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The upper-class owner of a gallery, Catherine Lelievre, hires the efficient and quiet maid Sophie to work in the family manor in the French countryside. Her husband Georges Lelievre, who is an opera lover, her daughter Melinda and her teenage son Gilles welcome Sophie and appreciate her work. Sophie soon befriends the postmistress Jeanne, who is a bad egg and encourages Sophie to rebel against her employers, but the maid stays submissive. However, Sophie is ashamed of a secret and feels uncomfortable in many situations, finding a way to hide her secret. When Georges tells Sophie that he does not want Jeanne in his house, Sophie stands up to him. Melinda discovers her secret and Sophie blackmails her, but Melinda tells her parents what happened. Georges fires Sophie and she returns to the house later with Jeanne on the rampage. Written by
Claudio Carvalho, Rio de Janeiro, Brazil
In "La Cérémonie" one of my favourite actresses, Virginie Ledoyen, not only gets to play a vital role, but also share a movie with her favourite actress (Isabelle Huppert). Huppert plays the other vital role.
A rich family is looking for a housekeeper. They choose Sophie (Sandrine Bonnaire), a slightly cold woman. Much sooner than the family we find out why she's so cold: she can't read. Her employers are Georges Lelièvre and his second wife. They have a son and (from his previous marriage) a daughter Melinda (played by Virginie). Melinda looks at Sophie as somebody who helps around the house (rather than 'the maid' as her parents call Sophie). Every now and then Melinda tells Sophie she shouldn't let her father walk over her. Melinda likes her father, but thinks of him as a fascist. She isn't the only one: the lady from the postal office (Jeanne, Huppert's role) thinks so too. But soon we find out she hates all the people with money. Georges hates Jeanne too: he's sure she opens and reads his mail. He also mistrusts her because her child was badly burnt (even though Jeanne was cleared - because there was no proof she wounded her child on purpose).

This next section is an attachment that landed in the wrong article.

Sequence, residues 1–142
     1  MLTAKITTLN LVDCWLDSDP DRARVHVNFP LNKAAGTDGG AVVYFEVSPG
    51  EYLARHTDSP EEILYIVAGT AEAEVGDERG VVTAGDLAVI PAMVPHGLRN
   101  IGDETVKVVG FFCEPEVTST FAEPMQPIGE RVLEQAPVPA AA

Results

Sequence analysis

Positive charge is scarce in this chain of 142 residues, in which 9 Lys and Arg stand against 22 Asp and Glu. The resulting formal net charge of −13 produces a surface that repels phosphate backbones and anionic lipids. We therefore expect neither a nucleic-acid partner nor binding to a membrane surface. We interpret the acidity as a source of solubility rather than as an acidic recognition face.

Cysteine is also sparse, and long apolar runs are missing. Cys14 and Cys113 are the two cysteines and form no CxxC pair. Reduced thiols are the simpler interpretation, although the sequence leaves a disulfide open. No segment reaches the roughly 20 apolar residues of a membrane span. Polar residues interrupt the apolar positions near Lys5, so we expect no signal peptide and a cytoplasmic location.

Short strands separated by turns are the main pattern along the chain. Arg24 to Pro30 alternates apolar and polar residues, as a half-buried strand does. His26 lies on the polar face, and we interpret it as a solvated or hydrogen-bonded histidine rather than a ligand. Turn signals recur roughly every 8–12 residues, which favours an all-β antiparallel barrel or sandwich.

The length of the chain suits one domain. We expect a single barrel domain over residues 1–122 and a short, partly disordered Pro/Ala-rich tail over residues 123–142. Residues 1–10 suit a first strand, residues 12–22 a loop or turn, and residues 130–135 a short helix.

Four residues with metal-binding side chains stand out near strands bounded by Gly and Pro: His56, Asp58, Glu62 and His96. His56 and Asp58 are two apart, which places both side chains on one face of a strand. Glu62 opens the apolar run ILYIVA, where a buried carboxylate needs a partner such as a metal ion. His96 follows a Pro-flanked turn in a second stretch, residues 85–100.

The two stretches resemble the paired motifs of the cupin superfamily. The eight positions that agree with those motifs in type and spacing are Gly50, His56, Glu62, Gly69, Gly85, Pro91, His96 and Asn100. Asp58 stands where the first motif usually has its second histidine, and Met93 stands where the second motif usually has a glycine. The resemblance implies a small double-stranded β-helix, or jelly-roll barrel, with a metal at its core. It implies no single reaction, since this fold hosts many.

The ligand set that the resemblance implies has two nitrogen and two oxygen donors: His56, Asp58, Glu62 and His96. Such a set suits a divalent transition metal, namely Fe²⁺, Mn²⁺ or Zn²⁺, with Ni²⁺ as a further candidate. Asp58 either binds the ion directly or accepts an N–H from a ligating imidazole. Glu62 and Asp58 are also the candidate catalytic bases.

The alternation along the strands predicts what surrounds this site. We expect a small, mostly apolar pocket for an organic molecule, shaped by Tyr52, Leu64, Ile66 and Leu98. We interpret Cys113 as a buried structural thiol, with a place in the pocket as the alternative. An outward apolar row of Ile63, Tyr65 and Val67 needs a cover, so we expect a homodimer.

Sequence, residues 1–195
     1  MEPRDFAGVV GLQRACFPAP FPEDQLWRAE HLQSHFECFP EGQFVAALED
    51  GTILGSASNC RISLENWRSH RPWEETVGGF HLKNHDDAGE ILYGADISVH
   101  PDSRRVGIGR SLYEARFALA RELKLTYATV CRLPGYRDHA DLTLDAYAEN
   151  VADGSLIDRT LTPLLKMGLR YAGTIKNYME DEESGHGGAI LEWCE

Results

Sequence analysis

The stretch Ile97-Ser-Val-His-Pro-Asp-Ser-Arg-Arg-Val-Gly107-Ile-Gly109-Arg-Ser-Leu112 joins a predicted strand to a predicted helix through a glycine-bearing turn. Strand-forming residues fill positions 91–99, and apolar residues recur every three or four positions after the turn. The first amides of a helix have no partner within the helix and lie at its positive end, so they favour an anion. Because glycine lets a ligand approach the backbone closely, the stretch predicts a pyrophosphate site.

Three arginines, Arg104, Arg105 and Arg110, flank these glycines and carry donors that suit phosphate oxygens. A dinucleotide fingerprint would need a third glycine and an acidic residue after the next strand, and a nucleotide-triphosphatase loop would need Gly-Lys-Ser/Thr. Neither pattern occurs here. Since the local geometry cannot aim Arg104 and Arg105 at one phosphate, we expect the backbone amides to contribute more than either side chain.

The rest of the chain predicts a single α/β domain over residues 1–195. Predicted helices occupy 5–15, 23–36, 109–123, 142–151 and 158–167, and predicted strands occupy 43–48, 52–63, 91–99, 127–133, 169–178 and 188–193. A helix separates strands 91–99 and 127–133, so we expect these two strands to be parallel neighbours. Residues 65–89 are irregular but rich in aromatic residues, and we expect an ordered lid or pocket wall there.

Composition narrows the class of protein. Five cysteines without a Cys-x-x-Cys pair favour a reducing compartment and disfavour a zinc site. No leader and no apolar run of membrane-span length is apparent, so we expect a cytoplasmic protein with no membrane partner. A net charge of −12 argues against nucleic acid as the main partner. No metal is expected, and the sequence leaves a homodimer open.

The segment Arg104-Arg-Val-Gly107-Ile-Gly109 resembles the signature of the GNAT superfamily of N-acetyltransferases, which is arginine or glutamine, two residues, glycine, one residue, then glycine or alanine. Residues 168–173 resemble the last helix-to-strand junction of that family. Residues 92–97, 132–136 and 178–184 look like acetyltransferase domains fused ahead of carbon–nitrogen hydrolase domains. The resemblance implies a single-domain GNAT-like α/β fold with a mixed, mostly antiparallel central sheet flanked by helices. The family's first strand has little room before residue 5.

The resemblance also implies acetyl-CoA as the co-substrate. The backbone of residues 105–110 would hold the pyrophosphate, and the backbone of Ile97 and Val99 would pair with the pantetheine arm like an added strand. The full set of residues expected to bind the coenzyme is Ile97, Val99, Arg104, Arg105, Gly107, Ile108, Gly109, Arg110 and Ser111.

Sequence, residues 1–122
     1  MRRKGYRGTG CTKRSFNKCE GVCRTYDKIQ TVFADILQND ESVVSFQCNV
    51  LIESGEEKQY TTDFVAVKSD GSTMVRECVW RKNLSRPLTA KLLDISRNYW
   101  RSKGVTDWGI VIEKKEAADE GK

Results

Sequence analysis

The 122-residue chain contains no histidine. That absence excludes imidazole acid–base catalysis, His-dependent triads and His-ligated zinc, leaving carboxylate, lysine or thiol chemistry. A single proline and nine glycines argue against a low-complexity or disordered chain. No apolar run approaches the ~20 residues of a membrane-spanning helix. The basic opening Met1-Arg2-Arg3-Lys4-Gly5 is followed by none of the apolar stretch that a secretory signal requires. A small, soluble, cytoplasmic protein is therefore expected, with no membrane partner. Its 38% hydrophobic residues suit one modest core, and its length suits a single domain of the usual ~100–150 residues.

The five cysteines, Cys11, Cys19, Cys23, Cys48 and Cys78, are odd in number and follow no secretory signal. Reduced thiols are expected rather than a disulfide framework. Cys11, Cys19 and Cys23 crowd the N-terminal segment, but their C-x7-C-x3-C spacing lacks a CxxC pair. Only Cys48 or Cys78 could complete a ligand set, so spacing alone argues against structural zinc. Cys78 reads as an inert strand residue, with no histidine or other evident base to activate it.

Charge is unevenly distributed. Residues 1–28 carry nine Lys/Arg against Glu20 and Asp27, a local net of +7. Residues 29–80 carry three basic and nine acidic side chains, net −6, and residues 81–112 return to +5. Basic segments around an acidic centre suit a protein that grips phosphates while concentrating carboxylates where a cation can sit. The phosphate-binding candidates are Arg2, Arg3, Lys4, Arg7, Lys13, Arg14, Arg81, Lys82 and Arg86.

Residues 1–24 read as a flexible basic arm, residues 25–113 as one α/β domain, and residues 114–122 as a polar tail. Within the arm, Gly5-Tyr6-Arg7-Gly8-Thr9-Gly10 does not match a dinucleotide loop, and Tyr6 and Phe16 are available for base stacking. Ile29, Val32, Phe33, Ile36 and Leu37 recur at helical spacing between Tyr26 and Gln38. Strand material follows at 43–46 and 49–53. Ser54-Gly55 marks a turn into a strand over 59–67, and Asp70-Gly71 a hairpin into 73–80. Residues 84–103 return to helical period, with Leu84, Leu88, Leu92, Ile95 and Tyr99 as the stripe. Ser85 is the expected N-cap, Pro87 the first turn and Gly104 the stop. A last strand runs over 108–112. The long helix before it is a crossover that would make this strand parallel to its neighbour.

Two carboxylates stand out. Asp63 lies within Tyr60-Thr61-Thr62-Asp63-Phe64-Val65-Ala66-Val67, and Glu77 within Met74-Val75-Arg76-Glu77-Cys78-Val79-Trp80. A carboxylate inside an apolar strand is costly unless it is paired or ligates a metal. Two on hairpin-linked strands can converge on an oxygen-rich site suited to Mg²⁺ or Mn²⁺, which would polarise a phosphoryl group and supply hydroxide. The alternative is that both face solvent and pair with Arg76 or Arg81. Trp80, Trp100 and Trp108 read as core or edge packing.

But wait, there's more: Sophie's father died in a fire. Sophie was interrogated, but soon dropped off the suspects' list. Sophie and Jeanne feel there's a bond between them because of their past ("nobody could prove we had anything to do with it"). The longer Sophie knows Jeanne, the ruder she becomes.
Director Claude Chabrol doesn't pass judgment. He doesn't tell us whether Jeanne and Sophie are guilty or not. He only shows them how this affects the rest of their lives and of the lives of the Lelièvre family. Because it soon becomes clear that Jeanne wants revenge and tries to get Sophie on her side. Jeanne is revengeful and full of contempt, Sophie gets ruder all the time, Georges expects too much of Sophie and his wife is incredibly posh. You don't get angels in this movie. But it is Melinda who is crucial to how you watch this film (she's the most 'normal' character). Melinda is the bridge between her parents and Sophie. It's Melinda who finds out Sophie's secret. And Melinda is the person responsible for the crescendo and denouement of the film.
Chabrol films this in his usual style: the camera likes to slide around the house. It observes. The viewer is the one who can decide who's to blame more for what happens. The viewer is always right. (Wait a second... no, I'll take that back.)
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